(v) the composition of the arbitral tribunal or the arbitral procedure was not in accordance with the agreement of the parties, unless such agreement was in conflict with a provision of this Part from which the parties cannot derogate, or, failing such agreement, was not in accordance with this Past; or
(b) the Court finds that------
(i) the subject-matter of the dispute is not capable of settlement by arbitration under the law for the time being in force, or
(ii) the arbitral award is in conflict with the public policy of India.
Explanation.---Without prejudice to the generality of sub-clause (ii), it is hereby declared , for the avoidance of any doubt, that an award is in conflict with the public policy of India if the making of the award was induced of affected by fraud or corruption or was in violation of section 75 or section 81.
(3) An application for setting aside may not be made after three months have elapsed from the date on which the party making that application had received the arbitral award, or, if a request had been made under section 33, from the date on which that request had been disposed of by the arbitral tribunal:
Provided that if the Court is satisfied that the applicant was prevented by sufficient cause from making the application within the said period of three months if may entertain the application within a further period of thirty days, but not thereafter.
(4) On receipt of an application under sub-section (1), the Court may, where it is appropriate and it is so requested by a party, adjourn the proceedings for a period of time determined by it in order to give the arbitral tribunal an opportunity to resume the arbitral proceedings or to take such other action as in the opinion of arbitral tribunal will eliminate the grounds for setting aside the arbitral award.

2 16.Competence of arbitral tribunal to rule on its jurisdiction.- (1) The arbitral tribunal may rule on its own jurisdiction, including ruling on any objections with respect to the existence or validity of the arbitration agreement, and for that purpose,------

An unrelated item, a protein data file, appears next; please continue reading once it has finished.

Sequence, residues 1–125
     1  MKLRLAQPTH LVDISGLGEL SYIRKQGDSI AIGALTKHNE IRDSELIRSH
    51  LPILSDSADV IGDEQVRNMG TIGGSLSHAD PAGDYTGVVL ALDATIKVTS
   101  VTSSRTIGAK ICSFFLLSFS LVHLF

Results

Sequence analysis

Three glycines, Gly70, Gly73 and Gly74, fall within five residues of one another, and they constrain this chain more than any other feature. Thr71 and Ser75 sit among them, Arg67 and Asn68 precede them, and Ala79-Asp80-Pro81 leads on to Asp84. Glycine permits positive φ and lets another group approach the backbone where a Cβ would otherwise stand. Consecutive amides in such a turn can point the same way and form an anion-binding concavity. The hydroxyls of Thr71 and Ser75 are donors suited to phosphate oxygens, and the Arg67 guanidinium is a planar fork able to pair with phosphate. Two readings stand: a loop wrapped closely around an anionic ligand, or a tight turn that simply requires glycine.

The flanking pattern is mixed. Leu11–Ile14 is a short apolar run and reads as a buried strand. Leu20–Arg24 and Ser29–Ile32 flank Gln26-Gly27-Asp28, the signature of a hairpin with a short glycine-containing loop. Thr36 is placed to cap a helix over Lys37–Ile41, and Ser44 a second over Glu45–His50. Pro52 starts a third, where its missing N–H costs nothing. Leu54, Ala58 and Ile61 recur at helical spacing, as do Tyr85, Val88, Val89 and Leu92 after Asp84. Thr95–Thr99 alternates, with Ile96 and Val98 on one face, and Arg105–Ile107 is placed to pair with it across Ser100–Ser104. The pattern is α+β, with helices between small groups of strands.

(a) an arbitration clause which forms part of a contract shall be treated as an agreement independent of the other terms of the contract; and
(b) a decision by the arbitral tribunal that the contract is null and void shall not entail ipso jure the invalidity of the arbitration clause.
(2) A plea that the arbitral tribunal does not have jurisdiction shall be raised not later than the submission of the statement of defence; however, a party shall not be precluded from raising such a plea merely because that he has appointed , or participated in the appointment of, an arbitrator.
(3) A plea that the arbitral tribunal is exceeding the scope of its authority shall he raised as soon as the matter alleged to be beyond the scope of its authority is raised during the arbitral proceedings.
(4) The arbitral tribunal may, in either of the cases referred to in sub-section (2) or sub-section (3), admit a later plea if it considers the delay justified.
(5) The arbitral tribunal shall decide on a plea referred to in sub-section (2) or sub-section (3) and, where the arbitral tribunal takes a decision rejecting the plea, continue with the arbitral proceedings and make an arbitral award.
(6) A party aggrieved by such an arbitral award may make an application for setting aside such an arbitral award in accordance with section 34.